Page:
The first ever joint elections rally was held by the People’s Alliance with two weeks to go before Turkish citizens cast their votes at the end of this month.
The People’s Alliance, a formation of the governing AKP and Nationalist Movement Party (MHP) held the rally in the western province of İzmir.
Using religious-nationalist overtones in his speech, Devlet Bahceli, the MHP leader, rebuked the Western world over New Zealand shootings which killed 49 Muslim prayers on Friday.
“O, Crusaders! We’re waiting for you. Come, so we’ll choke you on your own blood,” Bahceli said, according to a T24 report.
Referring to the New Zealand assailant’s religious affiliation and his manifesto, Bahceli told the crowd: “This crusader residue had written threatening messages for Turks. He would slay us if we go to Europe. This scoundrel claims they would destroy all mosques and minarets, vows ingloriously to make İstanbul a Christian city. O, Crusaders! We’re here and daring you to come. We’re waiting for you, come, so we’ll choke you on your own blood.”
The MHP’s leader allocated a considerable share of his speech to explain why the upcoming elections are about survival and how the People’s Alliance has become an assurance for the nation in such tumultuous time.
“Did you understand why the local elections are of a matter of existence? If we unite, they can’t invade the nation as they couldn’t in Gallipoli. If we embrace the People’s Alliance, they can’t demolish the Republic,” said Bahceli.
Taking the floor after Bahceli, President Recep Tayyip Erdoğan, started his address by praising his partner in the Alliance as “the most discerning politician in recent times.”
Erdogan mostly centered his speech on “wrongdoings” of the main opposition party and its leader, Kemal Kılıçdaroğlu. Referring to Izmir’s secular character, he asked: “Have we ever interfered in what our people eat or drink? I now see my sisters putting whatever they want on. They have exploited Atatürk, the founder of modern Turkey, for ages.”
Erdogan also slammed other opposition parties including pro-Kurdish HDP, People’s Democratic Party, for engaging in a “vague” allegiance with CHP, and CHP for “allocating candidacy slots for terrorists.”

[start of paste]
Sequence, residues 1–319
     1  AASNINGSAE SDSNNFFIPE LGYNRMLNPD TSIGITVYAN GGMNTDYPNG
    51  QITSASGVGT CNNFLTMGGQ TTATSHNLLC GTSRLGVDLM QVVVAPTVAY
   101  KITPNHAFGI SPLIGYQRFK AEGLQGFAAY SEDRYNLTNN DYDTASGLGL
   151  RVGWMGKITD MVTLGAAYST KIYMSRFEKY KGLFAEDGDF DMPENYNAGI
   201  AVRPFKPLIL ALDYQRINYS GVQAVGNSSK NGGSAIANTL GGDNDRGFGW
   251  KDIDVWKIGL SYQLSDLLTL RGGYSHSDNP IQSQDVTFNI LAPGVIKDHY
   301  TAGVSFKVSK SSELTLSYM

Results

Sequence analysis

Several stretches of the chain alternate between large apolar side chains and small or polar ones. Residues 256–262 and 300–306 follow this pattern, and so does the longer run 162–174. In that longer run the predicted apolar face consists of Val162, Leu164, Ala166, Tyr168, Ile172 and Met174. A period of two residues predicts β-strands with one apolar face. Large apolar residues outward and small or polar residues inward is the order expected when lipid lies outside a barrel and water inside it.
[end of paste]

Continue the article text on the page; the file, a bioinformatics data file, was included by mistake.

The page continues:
Erdogan also lambasted the European Parliament for attacking Turkey. “The whole of the European Parliament is separatist and attacks our country. Their decision [to suspend Turkey’s EU negotiations] is of no value. The European Union had better take such a decision, but they can’t. We postpone what to be said to March 31,” Erdoğan told the crowd.
While pro-government circles see the contrary, Erdogan’s anti-Western discourse is not a new phenomenon and closely linked with domestic politics by many academics. While he may fine-tune what he says in the international arena, anti-Western rhetoric is a constant theme in domestic politics, particularly before elections.
He could, for instance, increase AKP’s share from 40.87 percent to 49.49 percent in just five months from June 2015 by stressing nationalist and anti-Western leitmotifs and attained the majority in the assembly.
For some, although tamed as a consequence of multi-layered relations during his tenure in Istanbul municipality, then prime ministry and the presidency, it is quite natural for Erdogan to have a profound anti-Western sentiment as he had an Islamist background in National Vision movement of Erbakan.
And despite apparent reciprocal emotions of both sides, however, the current reluctant relationship between the West and Turkey may continue as conjunctural interdependency prevails.
To others, however, current “hostile” rhetoric is used as an instrument to strengthen Erdogan’s hold on domestic politics. “This very narrative… equates patriotism and Erdoganism and considers all Erdogan critics as enemies of the nation. The enmity against the West, in other words, helps intimidate all ‘Western puppets’ within Turkey, which are basically all opposition circles,” says Mustafa Akyol.
Thus, even if it may be pure speculation, as he did during the Gezi protests in 2013, it proved to be extremely functional to channel people’s opinion and fortify the walls around him that have been built over people’s patriotism, nationalist sentiments as well as apprehensions about others and fears.
Erik Jan Zürcher points out though, the reality lies is somewhere in the middle. “[Regarding] Erdogan’s use of anti-Western rhetoric in his public discourse over the past five years: moving from crisis to crisis and from campaign to campaign there were excellent political reasons to depict the West as an enemy of Turkey, to drum up political support and confirm the image of the leader. But there was, and is, also an underlying ‘affective disposition’ that has been part of Erdogan’s mental make-up since his teenage years.”